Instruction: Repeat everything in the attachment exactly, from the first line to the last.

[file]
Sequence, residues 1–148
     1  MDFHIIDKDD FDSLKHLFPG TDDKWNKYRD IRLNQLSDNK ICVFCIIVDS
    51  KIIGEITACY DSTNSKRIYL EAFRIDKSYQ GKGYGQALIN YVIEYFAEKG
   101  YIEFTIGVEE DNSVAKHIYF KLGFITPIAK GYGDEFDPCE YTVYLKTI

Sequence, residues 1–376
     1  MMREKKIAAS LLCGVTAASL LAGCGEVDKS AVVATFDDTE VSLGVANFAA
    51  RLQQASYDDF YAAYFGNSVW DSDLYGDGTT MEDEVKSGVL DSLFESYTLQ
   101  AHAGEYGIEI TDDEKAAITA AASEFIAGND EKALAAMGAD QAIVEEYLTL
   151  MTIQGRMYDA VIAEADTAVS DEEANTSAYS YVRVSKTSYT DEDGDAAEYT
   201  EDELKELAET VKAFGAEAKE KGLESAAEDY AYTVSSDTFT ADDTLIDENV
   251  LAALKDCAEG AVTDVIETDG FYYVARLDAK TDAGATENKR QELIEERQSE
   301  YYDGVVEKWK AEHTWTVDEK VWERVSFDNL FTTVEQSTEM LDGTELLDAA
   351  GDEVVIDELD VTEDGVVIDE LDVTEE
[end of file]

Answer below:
Sequence, residues 1–148
     1  MDFHIIDKDD FDSLKHLFPG TDDKWNKYRD IRLNQLSDNK ICVFCIIVDS
    51  KIIGEITACY DSTNSKRIYL EAFRIDKSYQ GKGYGQALIN YVIEYFAEKG
   101  YIEFTIGVEE DNSVAKHIYF KLGFITPIAK GYGDEFDPCE YTVYLKTI

Sequence, residues 1–376
     1  MMREKKIAAS LLCGVTAASL LAGCGEVDKS AVVATFDDTE VSLGVANFAA
    51  RLQQASYDDF YAAYFGNSVW DSDLYGDGTT MEDEVKSGVL DSLFESYTLQ
   101  AHAGEYGIEI TDDEKAAITA AASEFIAGND EKALAAMGAD QAIVEEYLTL
   151  MTIQGRMYDA VIAEADTAVS DEEANTSAYS YVRVSKTSYT DEDGDAAEYT
   201  EDELKELAET VKAFGAEAKE KGLESAAEDY AYTVSSDTFT ADDTLIDENV
   251  LAALKDCAEG AVTDVIETDG FYYVARLDAK TDAGATENKR QELIEERQSE
   301  YYDGVVEKWK AEHTWTVDEK VWERVSFDNL FTTVEQSTEM LDGTELLDAA
   351  GDEVVIDELD VTEDGVVIDE LDVTEE